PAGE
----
Adaptation for the regions

Regions of Russia will begin to adapt to climate change. The first territory to approve a regional climate adaptation plan was the Kursk region, followed by the Nizhny Novgorod region. Representatives of public environmental organizations believe that the need to adapt regions to climate change is becoming more urgent every day, but point to the lack of development of documents and plans.



The framework for regional adaptation documents is defined in the National Plan, which was approved by a decree of the Russian government in late 2019. The federal document provides for organizational and regulatory measures to respond to the risks posed by climate change, as well as “a wide range of actions for information and scientific support of the work”.

The national plan defines the procedure for the development of sectoral and regional plans: it is recommended that the executive bodies of state power of the subjects of the Russian Federation organize work on adaptation to climate change and approve regional plans. It is recommended to use the “Report on the scientific and methodological bases for the development of strategies for adaptation to climate change in the Russian Federation”.

Initially Russian regions had to prepare plans for adaptation by September 30, 2021. Then the term was prolonged till May 10, 2022. At the end of December of the previous year at the meeting of the Expert Council at the Committee of the Federation Council on Agrarian and Food Policy it was reported that 42% of the regions did not start the work and did not provide information about the preparation of the plans.

The Kursk region was the first to prepare and approve a regional adaptation plan for climate change. “The region is characterized by a significant increase in the number of dangerous meteorological phenomena, as well as an increase in the seasonal number of days with elevated temperatures and cases of soil drought,” Konstantin Polyakov, Chairman of the Committee of Natural Resources of Kursk region, explained the need for the plan.

In order to adapt to the changing climate, the region is planning to create a fund of seeds, adapted to the soil and climatic conditions of the region, insure crops against risks of death due to natural hazards, create a reserve of food, fuel and medicines, the rehabilitation of water bodies.

Representatives of public environmental organizations consider the Kursk regional authorities’ plans to introduce renewable energy sources, introduce new requirements to construction materials and technologies, and a number of other measures to reduce greenhouse gas emissions to be progressive intentions. There are also other advantages of the document: availability of measures on waste management, refusal from incineration and energy efficiency programs.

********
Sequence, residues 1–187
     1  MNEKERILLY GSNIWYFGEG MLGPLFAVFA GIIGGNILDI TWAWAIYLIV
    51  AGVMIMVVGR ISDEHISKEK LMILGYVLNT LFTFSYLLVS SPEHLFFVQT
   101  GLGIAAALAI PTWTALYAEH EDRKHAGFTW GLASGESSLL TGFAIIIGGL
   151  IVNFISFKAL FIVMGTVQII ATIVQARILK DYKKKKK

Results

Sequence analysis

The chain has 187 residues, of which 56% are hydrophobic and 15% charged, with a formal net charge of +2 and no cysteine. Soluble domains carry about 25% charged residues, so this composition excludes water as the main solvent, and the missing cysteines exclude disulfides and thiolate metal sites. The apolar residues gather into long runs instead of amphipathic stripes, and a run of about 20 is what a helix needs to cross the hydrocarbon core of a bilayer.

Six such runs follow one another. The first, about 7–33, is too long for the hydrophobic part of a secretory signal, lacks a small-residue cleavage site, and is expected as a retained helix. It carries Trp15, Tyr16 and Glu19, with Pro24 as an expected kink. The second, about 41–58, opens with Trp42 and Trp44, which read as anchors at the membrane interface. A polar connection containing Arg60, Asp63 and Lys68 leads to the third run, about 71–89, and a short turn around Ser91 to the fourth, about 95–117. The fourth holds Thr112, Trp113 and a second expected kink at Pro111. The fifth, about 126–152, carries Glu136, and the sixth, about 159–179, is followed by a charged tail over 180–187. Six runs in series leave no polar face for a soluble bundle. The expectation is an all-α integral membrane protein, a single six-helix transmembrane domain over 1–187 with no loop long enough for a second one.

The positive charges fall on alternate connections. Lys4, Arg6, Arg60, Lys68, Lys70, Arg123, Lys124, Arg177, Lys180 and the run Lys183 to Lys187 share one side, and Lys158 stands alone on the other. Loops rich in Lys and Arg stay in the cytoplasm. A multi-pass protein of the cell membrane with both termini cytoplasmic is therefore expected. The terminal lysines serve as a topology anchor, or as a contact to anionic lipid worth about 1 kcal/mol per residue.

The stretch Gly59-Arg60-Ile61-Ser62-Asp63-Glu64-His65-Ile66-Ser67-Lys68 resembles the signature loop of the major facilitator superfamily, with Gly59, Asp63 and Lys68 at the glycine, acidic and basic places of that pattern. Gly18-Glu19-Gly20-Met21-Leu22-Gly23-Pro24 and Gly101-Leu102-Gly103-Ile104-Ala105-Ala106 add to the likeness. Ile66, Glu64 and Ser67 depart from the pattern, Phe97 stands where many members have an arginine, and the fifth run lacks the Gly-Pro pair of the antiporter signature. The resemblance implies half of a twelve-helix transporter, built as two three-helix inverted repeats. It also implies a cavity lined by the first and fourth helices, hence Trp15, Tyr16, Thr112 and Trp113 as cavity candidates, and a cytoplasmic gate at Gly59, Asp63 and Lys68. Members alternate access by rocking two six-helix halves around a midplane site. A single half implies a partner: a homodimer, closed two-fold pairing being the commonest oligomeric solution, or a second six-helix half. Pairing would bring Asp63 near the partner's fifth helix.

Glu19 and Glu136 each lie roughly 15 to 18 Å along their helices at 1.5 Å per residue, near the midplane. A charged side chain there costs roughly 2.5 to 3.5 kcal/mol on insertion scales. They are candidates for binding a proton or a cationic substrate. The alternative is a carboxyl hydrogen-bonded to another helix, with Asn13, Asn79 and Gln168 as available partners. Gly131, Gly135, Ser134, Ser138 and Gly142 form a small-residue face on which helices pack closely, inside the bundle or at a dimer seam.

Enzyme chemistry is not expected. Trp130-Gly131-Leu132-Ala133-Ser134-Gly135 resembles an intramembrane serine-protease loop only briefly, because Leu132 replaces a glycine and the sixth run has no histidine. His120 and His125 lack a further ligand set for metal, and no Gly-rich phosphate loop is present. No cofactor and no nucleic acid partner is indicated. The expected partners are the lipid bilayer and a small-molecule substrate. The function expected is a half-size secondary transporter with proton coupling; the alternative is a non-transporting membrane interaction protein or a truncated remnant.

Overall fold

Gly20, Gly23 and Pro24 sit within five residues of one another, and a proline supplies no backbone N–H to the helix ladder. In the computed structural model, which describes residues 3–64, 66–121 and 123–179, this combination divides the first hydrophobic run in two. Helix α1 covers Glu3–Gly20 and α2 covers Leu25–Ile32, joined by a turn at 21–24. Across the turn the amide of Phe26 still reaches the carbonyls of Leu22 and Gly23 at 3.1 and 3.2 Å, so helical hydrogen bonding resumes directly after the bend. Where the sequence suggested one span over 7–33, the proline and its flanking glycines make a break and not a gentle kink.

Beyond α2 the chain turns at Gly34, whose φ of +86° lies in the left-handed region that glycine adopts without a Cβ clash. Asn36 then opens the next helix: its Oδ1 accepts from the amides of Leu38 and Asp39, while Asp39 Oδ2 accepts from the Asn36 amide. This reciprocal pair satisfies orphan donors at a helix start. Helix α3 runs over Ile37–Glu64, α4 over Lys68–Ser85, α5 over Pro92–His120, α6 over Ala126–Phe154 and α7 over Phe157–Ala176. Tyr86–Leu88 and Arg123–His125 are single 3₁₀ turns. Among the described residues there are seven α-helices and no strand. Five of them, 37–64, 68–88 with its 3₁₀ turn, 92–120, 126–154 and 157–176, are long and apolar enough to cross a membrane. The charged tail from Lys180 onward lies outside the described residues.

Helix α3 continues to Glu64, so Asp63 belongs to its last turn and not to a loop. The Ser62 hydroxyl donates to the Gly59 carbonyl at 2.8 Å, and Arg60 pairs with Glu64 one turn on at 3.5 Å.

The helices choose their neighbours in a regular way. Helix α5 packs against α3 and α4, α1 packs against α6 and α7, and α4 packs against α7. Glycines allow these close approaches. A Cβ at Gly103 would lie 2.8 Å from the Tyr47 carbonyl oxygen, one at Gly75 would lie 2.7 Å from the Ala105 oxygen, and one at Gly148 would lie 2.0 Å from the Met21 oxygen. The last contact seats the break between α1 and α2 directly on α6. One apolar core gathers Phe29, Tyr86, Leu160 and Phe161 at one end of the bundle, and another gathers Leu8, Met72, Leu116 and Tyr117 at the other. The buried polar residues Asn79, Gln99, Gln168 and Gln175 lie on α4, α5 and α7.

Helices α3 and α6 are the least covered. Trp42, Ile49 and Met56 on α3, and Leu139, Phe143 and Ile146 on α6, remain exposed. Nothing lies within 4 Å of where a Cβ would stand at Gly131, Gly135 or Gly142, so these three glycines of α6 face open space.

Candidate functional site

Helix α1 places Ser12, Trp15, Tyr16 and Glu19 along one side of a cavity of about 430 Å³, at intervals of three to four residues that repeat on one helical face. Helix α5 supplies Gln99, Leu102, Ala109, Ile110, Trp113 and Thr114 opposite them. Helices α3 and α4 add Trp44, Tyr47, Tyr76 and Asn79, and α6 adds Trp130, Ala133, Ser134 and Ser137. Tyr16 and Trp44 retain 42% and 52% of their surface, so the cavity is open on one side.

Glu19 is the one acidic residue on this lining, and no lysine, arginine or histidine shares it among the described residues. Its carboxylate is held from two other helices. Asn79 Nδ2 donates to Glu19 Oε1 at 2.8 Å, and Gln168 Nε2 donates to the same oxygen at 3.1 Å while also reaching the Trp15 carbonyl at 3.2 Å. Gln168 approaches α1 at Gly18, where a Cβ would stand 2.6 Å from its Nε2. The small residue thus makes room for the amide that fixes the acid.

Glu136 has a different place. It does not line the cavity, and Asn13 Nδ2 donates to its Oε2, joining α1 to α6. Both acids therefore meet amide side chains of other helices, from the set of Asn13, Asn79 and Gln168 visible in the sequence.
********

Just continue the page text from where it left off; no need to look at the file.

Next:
However, as noted by environmentalists, the shortcoming of the Kursk region adaptation plan is that the list of climate risks does not coincide with the list of measures. It does not provide “answers” to such climate “challenges” as glaciation, loss of biodiversity, and fires in natural areas, which are mentioned in the plan.

The recently prepared regional document of Nizhny Novgorod region is more modest in terms of both volume and ambition. It as well as the Kursk Region plan includes activities related to agriculture and forestry, transport and energy, but, as noted by experts, there is a feeling of “non-sufficiency” of the document: it includes only those activities that appear in other “non-climatic” programs of the region.

The adaptation plan for Nizhny Novgorod Region still looks rather “incomplete”: risks are superficially assessed, and simple adaptation measures related to waterlogging and heat waves are not provided for, although these risks are specified in the regional plan.

Public experts also note that both documents do not fully comply with the Model Passport for Climate Safety, which was approved a year ago at the national level “to ensure a unified approach to the justification and development of regional adaptation plans to climate change in order to implement the National Action Plan for the first phase of adaptation to climate change for the period up to 2022”.

For example, the “model passport” requires a serious economic assessment of damage from weather events, and the creation of a list of the most important economic and social objects subject to weather and climate impacts. The first two approved regional adaptation plans do not contain this.

It was also assumed that the regions would assess in detail the main climate-forming factors, conduct climatic and landscape zoning, and assess risks for the population (including certain groups of people). However, so far the creators of the regional plans have not gotten to this point. The documents contain virtually no measures concerning the health of the population.

In their Statement to the UNFCCC Climate Change Conference COP26 representatives of public environmental organizations recommend that regional authorities accelerate regulatory and legal activities in terms of adaptation to climate change. They also believe that the best option is to use benefit-oriented approaches that ensure both adaptation and reduction of greenhouse gas emissions. For example - photovoltaics (installation of photovoltaic panels generating electricity) on the roofs of large cities, exposed to heat waves, agro photovoltaics in arid regions in agricultural areas - in addition to energy production such devices reflect sunlight, create shade and reduce the impact of heat on buildings and farmland.